Deja vu in another way too:

Pittsburgh Post-Gazette: "[Former MSHA and Kentucky state official] Tony] Oppegard said a MSHA official told him the blast may have occurred behind a sealed-off portion of the mine, as happened at Sago....

"Also as with Sago, the explosion apparently obliterated a seal inside the mine constructed with Omega blocks, a concrete and fiber composite material that is lighter than the traditional concrete blocks, Mr. Oppegard said."

At the Sago public hearings earlier this month, a lot of questions focused on the "Omega block" stopping that was supposed to keep methane out of active workings but was just about vaporized by the explosion. MSHA said that simulation tests would go on all summer to figure out what happened. Federal officials were waiting for that analysis before making at any policy changes.

Today, they have changed their tune.

Mine Safety and Health News notified subscribers by e-mail: "MSHA announced today that the agency will begin a reassessment of the structural integrity of existing alternative seals and will require testing of the atmosphere behind the seals. For those alternative seals with structural issues in which the atmosphere behind them is potentially explosive, MSHA officials will require additional precautions to protect miners. MSHA also announced a moratorium on new construction of alternative seals under the 1992 MSHA standard, and district managers have been ordered not to approve requests to construct alternative seals in underground coal mines."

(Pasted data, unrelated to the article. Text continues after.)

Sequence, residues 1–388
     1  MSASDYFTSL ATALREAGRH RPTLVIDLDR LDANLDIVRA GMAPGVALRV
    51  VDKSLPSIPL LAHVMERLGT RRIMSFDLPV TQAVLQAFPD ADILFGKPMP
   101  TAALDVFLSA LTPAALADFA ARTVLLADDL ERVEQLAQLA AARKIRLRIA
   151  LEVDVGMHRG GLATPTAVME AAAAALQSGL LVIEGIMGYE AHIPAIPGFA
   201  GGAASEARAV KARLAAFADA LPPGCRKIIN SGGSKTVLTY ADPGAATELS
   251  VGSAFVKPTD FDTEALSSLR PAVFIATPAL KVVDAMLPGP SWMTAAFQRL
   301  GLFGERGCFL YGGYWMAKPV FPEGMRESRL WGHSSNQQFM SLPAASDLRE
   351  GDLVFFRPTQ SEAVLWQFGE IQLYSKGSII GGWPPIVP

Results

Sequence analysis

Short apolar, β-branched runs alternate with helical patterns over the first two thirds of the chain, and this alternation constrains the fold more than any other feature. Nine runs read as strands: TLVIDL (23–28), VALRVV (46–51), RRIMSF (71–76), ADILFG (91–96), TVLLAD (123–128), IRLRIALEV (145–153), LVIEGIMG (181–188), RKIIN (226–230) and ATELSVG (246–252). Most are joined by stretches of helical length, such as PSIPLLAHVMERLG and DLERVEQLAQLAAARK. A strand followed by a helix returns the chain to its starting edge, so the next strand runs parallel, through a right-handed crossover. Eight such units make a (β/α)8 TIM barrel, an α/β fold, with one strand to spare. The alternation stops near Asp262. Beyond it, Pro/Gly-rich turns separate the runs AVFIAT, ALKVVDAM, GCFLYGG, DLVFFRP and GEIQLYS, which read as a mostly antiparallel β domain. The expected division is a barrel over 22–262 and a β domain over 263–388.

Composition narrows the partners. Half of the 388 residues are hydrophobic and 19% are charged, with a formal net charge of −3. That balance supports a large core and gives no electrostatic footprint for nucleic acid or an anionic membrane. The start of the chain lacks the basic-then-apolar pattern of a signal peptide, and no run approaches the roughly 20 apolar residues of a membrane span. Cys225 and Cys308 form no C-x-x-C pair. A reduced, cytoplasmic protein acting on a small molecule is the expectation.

Sadly, "Kentucky legislators, responding to the deadly accidents at mines across the country, including January’s disaster that killed 12 miners at the Sago Mine in West Virginia, passed a measure requiring mines to store breathing devices underground, and to set up lifelines to help miners find their way out. But the law doesn’t take effect until July." (Charleston Gazette)

Especially wrenching was read a comment in the Herald-Leader by a former miner and local minister: "...I guess we have to learn to live with it. There ain't nothing we can do about it, but it's so sad when it happens."

About what already happened, that's true. But something can be done to make a different future.